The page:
This is what “almost” looks like.
Maybe in a day or so, I’ll be eating our first tomato. I didn’t post a picture of my first tomato while it was still on the plant. I didn’t even really mean to pick it. I was just admiring it, turning it on the vine so I could see it better, and it popped off in my hand. I displayed it proudly on an upside down plastic glass in the middle of our island, with my “Tomato” book front and center beside it. It was still a little hard, so I decided to let it ripen up for a few days.
It had a black spot on the bottom, but I didn’t worry. I figured I could easily cut it out. I dreamed of how I might eat that first tomato. Sprinkled with salt? It wasn’t big enough to make a sauce, and I didn’t have any basil or mozzarella to make it the way my friend does. So, salt it would be. But then, a few days later, I cut into it.
Fail. I was pretty proud of myself for not getting more upset. Maybe it’s because I have twenty other tomatoes on the vine, and I figure they won’t all look this way on the inside. I was willing to wait a little longer. I figured all good gardeners have a few fails in their past. It was just a notch on my belt.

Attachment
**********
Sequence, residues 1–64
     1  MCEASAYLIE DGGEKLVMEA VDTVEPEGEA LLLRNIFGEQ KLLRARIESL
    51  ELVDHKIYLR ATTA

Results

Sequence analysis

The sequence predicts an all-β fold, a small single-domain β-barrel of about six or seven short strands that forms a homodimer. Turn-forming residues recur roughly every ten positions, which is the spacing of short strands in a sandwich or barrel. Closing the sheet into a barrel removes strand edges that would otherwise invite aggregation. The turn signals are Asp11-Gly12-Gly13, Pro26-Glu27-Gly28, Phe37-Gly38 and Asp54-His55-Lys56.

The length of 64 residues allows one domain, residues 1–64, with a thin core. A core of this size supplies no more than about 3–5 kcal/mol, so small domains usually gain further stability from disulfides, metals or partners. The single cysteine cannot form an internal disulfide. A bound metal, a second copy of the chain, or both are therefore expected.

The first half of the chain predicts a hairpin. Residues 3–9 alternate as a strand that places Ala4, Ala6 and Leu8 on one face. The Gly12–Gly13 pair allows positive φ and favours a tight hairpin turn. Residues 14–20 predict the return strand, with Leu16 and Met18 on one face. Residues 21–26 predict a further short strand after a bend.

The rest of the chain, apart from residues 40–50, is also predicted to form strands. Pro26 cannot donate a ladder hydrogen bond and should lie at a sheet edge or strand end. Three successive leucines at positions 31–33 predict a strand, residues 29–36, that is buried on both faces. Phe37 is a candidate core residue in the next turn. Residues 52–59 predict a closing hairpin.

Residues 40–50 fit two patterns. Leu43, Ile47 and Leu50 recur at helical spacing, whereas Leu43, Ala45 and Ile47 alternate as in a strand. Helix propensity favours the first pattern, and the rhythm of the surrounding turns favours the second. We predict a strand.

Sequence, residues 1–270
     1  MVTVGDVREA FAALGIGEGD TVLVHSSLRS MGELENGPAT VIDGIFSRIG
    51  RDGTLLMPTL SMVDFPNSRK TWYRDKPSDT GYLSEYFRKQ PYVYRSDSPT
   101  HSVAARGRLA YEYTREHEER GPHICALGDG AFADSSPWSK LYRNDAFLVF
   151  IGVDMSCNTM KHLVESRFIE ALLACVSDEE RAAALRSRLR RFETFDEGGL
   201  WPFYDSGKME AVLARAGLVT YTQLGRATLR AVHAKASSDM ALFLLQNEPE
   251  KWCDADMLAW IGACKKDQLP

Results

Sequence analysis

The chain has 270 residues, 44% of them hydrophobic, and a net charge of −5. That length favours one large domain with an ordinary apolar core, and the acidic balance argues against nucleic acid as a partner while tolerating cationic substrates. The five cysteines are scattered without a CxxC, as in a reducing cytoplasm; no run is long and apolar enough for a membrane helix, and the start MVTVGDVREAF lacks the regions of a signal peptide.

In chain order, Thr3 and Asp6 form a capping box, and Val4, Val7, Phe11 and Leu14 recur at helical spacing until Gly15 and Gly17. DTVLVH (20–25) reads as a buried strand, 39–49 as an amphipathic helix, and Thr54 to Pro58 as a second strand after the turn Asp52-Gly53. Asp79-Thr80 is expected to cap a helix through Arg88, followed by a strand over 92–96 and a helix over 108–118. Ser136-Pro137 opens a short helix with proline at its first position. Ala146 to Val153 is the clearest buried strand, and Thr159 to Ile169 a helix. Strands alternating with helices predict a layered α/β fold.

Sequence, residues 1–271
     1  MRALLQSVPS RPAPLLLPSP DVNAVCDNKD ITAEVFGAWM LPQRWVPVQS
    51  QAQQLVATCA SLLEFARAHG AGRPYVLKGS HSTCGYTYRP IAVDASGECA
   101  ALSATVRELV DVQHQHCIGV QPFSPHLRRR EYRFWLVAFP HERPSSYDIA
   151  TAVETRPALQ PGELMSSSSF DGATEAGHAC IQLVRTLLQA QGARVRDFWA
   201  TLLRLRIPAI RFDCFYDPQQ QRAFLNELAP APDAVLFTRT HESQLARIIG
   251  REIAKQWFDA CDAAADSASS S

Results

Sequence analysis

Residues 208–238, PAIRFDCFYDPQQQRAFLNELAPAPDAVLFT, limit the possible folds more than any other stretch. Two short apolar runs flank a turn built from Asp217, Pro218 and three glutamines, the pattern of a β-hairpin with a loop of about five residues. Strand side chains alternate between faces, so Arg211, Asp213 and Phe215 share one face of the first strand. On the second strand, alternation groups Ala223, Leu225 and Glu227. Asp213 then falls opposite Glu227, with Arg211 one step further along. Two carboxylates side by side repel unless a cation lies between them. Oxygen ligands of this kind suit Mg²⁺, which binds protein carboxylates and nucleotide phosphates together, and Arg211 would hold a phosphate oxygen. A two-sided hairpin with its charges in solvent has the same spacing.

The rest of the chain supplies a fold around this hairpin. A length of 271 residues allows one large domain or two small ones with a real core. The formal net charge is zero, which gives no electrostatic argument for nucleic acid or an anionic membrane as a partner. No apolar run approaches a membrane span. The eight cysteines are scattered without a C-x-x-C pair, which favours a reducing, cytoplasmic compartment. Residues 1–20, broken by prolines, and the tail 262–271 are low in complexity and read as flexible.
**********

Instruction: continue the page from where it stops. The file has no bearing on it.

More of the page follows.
I’ve gotten several rejection letters from agents the past few weeks. They gave me the same feeling as when I cut into my first tomato. But several of them were generous enough to offer some advice. I think I started my story in the wrong place, so I’m going to edit before I send any more out. There are still many tomatoes on the vine. Many great agents.
Almost. We got our home study back from our caseworker, which means we’re one step closer to our baby. Someday soon we’ll getting our invitation to be fingerprinted. We’ll be tidying up our dossier and putting this process in Honduran hands.
Almost. I can be depressed by those rejections from agents, or I can move forward with each one. Taking the advice that feels right and continuing the search, with a better manuscript each time.
Almost. Any day now I’ll break out the salt and slice through a red, ripe tomato.